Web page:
SESSION 17 — “To a Church in Crisis, With Love,” a Bible study of 1 & 2 Corinthians

Text: 1Corinthians 12:12-31

In the first eleven chapters, Paul, who loves the church with God’s own love, has reprimanded, beseeched and instructed the troubled church in Corinth. All of what he has written, and all that they have said and done, reflects their infancy in Christ. They have not comprehended that Christianity is not about outward works, but an inward work in their hearts. 

In the first eleven verses of Chapter 12, Paul re-teaches spiritual discernment and the gifts given by the Holy Spirit for the common good.

Now, Paul addresses unity of the Body of Christ, our need for one another, instructs regarding the offices of the Body, and again reviews miracles, gifts of healings, and tongues.

If I were to give this a title, it would be, “The Holy Spirit Unifies.” 

The problem in Corinth is lack of unity, which reflects (once again) that they are infants in Christ. But Paul has already rebuked them for their quarreling and one-upmanship. So here, he uses re-teaching as a method to continue his rebuke more mildly, as he did with the first part of this chapter.

Verse 12 —

The body is one. Paul is speaking of the Body of Christ here. Just as a human body is one body with many different parts (which Paul calls members), so is the Body of Christ. They are many, but are one Body. 

They are one church, and as such, they must be one, just as Christ is one with His Father — that is, of the same nature.  That is how it should be, throughout His church! Why? He tells us in His prayer to His Father —

John 17:22 “The glory which You have given Me I have given to them, that they may be one, just as We are one; 23 I in them and You in Me, that they may be perfected in unity, so that the world may know that You sent Me, and loved them, even as You have loved Me.”

In this passage, the “glory” is the fully indwelling presence of God within us, when we are filled with the Holy Spirit. “I in them, and You in Me,” reflects His promise in John 14:23, that the Father and He would fully dwell in us! Only in this way can the Body of Christ be one with Christ and the Father!

Verse 13 — 

Who unifies the Body of Christ? The Holy Spirit, when He fills us with Himself, the Father and the Son. 

Water baptism is for repentance. Spirit baptism is for unity. Witness the difference in Peter and the rest of the disciples, who used to argue about who was the greatest. At Pentecost, they were suddenly made partakers of the divine nature (2Peter 1:4) and suddenly became servants of one another. 

It makes no difference what our background happens to be. Jew, Gentile, slave, free — all are made to drink of one Spirit. And to drink of Him is to be filled with Him; that is the intent of that word, in the original Greek.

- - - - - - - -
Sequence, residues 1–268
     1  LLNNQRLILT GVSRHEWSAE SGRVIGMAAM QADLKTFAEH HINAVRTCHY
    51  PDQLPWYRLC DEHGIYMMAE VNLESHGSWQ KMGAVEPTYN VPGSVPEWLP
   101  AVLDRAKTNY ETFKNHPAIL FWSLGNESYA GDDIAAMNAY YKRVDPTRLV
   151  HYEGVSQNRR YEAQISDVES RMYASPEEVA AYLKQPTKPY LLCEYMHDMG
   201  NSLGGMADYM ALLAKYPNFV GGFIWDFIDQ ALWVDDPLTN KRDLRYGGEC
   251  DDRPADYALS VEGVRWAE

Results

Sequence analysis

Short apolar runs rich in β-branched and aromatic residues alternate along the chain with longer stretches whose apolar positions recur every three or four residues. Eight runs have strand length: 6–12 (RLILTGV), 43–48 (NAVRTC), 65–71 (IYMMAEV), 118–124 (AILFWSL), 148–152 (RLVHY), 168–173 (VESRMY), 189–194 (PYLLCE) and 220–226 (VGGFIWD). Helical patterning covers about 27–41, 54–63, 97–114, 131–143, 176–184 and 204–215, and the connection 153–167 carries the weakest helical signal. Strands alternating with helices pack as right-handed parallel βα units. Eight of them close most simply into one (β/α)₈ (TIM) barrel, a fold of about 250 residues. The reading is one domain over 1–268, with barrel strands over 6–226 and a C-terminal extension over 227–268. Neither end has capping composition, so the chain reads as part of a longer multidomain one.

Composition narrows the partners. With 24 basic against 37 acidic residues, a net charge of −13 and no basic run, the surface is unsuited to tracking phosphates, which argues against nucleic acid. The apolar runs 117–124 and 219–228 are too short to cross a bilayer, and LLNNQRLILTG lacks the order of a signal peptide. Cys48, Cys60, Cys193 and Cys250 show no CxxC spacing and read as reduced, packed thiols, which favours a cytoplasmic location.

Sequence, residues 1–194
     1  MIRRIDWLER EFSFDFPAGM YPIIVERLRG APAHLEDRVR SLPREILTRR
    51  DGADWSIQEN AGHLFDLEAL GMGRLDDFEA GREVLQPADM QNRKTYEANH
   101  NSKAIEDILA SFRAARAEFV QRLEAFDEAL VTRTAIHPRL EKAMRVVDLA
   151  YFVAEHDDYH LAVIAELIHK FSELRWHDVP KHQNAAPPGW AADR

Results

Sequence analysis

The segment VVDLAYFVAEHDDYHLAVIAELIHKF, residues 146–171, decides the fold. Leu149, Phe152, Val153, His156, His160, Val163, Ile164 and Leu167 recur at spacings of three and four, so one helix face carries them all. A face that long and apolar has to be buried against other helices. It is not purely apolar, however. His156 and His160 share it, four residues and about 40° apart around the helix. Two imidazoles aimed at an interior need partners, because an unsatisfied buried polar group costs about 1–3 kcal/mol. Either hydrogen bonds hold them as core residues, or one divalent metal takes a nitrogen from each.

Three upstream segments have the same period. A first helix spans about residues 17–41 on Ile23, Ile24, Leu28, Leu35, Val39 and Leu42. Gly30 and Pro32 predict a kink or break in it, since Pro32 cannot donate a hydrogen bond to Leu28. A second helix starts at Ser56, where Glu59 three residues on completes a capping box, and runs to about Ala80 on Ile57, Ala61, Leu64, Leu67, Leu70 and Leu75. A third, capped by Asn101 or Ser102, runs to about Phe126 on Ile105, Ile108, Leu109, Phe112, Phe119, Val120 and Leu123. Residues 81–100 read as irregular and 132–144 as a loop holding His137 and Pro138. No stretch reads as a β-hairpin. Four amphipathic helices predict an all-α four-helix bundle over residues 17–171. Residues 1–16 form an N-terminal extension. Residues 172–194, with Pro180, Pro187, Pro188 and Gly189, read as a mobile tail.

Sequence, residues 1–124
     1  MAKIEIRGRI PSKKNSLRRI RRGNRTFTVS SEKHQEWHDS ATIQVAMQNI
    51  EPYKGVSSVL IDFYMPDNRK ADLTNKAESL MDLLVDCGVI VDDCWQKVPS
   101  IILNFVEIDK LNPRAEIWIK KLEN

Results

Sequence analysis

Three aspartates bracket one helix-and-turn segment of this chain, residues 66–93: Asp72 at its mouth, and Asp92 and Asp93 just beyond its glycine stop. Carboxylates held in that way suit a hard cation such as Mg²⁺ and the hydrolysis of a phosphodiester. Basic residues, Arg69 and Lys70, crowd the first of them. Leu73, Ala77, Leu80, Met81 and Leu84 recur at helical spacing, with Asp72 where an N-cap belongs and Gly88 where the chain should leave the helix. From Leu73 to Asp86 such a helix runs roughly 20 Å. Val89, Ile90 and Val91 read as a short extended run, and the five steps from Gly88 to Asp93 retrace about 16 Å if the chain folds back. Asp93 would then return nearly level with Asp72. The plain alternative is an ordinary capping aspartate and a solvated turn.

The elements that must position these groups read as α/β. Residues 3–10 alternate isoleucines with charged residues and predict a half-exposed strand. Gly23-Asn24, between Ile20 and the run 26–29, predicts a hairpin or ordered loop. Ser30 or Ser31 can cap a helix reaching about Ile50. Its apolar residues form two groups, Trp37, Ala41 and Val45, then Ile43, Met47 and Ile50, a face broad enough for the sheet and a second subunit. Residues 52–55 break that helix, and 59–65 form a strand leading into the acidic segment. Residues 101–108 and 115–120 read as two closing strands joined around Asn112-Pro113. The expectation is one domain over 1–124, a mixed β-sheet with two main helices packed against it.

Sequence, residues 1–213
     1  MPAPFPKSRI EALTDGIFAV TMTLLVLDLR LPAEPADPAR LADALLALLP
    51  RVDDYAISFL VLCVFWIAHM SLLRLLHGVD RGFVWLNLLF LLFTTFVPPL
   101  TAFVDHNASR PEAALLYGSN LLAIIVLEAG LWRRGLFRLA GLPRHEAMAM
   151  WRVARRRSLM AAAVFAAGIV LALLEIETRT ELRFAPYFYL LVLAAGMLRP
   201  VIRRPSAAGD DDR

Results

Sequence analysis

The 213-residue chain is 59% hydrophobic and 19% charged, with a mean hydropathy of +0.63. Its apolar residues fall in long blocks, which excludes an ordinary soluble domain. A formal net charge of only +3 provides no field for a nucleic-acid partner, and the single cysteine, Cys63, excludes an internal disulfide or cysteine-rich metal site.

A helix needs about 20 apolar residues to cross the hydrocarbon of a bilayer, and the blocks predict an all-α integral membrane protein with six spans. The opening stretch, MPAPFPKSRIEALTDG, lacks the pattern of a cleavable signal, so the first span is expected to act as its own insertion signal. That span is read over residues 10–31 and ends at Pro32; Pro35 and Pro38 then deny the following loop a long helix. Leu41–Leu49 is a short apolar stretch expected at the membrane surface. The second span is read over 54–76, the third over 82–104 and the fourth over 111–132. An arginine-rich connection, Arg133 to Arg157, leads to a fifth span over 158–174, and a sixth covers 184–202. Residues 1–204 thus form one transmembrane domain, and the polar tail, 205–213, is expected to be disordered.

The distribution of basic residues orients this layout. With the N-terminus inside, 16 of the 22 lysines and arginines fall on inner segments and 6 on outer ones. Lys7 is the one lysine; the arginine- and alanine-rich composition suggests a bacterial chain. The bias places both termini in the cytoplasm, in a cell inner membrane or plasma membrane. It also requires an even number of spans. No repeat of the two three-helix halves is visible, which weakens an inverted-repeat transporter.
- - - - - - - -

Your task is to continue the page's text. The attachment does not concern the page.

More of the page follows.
Verse 14 — 

Paul again emphasizes that the Body is not one, but many. The Body of Christ goes way beyond your church, even to the ends of the earth! You are a part of this one Body.

Verses 15-16 — 

He uses the imagery of a human body to show them that they are not operating as one Body. The foot says, “Because I am not a hand, I am not a part of the body.” But of course, a foot is part of the human body. Likewise, you cannot say that you are not part of the Body of Christ because your role is different from another’s.

And it is the same for the ear — it is a part of the human body, just as an eye is part of the human body. They have different functions, but they are both needed! One is not greater than the other.

But at Corinth, there seem to be demarcations, one believer considering himself to be greater than another. It is the same one-upmanship that the disciples suffered from, before Pentecost.

Verse 17 —

And all parts of the Body of Christ are needed! If we all were eyes, how would we hear? If we all were ears, how would we detect smell? Many different parts must, in unity of nature, contribute to the Body of Christ. The fact that Paul has to teach this again to the believers at Corinth reveals the lack of unity that has been reported to him by Chloe’s household.

Verse 18-20 —

Who has placed us all together, as the Body of Christ, and given each of us a different function? God! And He does it just as He desires. It is not up to us to choose our places or where WE want to contribute, but God will show it to us, by His Holy Spirit, if we are filled with Him!

As in Verse 11, the Holy Spirit distributes the gifts just as HE wills. Let us remember that our Father, Son, and Spirit know best!

Paul poses a rhetorical question now. If we all had the same role, there would be no Body. A human body does not consist only of ears, nor eyes, nor fingers, nor toes!

So, Paul concludes, there are many members, but one Body.

Verse 21 — 

Paul now addresses the difficulties in the church at Corinth. The eye cannot say to the hand, I have no need of you, or the head to the feet, I have no need of you. Each part is needed, but in Corinth, some are saying, by their actions and their words, that they are the only Body part needed in the Body of Christ! Again, it is prideful and boastful to say such a thing!